So let’s take a wide angle view. We have to go back to the beginning, to Genesis. The first chapter depicts 7 days of God establishing the conditions for life to thrive. After each day, God looks upon creation…all of it…and calls it good. Even humanity is given the Hebrew name Adamah which is a word that means ground, earth, soil…but also closely tied for the word, “to make.” The word takes on the meaning of one made from earth. It as if the ancient storytellers were keenly aware of our innate connection to the ground and its cultivation. Ultimately, God entrusts all these things to humanity to tend to and care for. God points to how this will provide food for humanity and food for our food. We were designed to be deeply connected to the earth, it’s care, where our food comes from. After a full 7 days, creation is established as a bountiful garden.
Now let’s zoom back in to Peter and the Acts of the Apostles. Peter has this vision about food, but there’s something else going on. To understand where this vision is going, we have to look at what just happened. In the 8 verses prior, a generous and faithful person named Cornelius (not a Jew), ALSO sees a vision…telling him to find this guy Peter and so he sends out some scouts to do that. Peter’s vision comes directly AFTER Cornelius’, so we could start to assume that these visions will probably collide sometime soon.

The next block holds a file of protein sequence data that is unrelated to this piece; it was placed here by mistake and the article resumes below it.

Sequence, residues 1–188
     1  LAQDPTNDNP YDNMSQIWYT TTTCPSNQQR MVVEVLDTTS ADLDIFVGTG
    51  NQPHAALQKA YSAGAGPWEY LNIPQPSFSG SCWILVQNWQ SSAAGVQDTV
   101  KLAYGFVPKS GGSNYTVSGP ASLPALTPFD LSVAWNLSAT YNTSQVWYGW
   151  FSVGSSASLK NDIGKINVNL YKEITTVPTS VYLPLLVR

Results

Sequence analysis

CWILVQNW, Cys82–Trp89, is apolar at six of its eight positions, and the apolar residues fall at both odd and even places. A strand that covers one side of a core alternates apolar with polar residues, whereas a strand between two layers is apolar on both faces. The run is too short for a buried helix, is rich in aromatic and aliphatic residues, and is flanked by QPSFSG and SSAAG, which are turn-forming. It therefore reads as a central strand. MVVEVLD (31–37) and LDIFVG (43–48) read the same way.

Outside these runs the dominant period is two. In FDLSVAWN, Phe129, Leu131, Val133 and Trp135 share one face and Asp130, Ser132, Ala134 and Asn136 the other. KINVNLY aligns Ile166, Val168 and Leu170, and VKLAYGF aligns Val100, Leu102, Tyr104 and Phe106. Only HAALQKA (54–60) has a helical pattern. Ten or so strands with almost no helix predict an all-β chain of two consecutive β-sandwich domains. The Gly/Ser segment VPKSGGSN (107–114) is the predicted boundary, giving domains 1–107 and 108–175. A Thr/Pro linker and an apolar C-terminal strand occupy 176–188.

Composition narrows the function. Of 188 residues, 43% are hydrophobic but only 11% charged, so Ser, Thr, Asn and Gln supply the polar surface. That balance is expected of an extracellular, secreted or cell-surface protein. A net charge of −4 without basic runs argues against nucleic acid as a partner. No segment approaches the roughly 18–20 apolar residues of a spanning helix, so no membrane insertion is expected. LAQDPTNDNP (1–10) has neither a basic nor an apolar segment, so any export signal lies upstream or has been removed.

And they do. The verses just after Peter’s vision tell us that as he is wondering about what THAT was all about (the bible says he was brooding about it), the Spirit causes Peter to notice the scouts sent by Cornelius and brings them together. Peter returns with them to Cornlius’ house, where Cornelius has gathered all his family and friends…all not Jewish, not part of what Peter understood as his tribe, his people. Then we read this: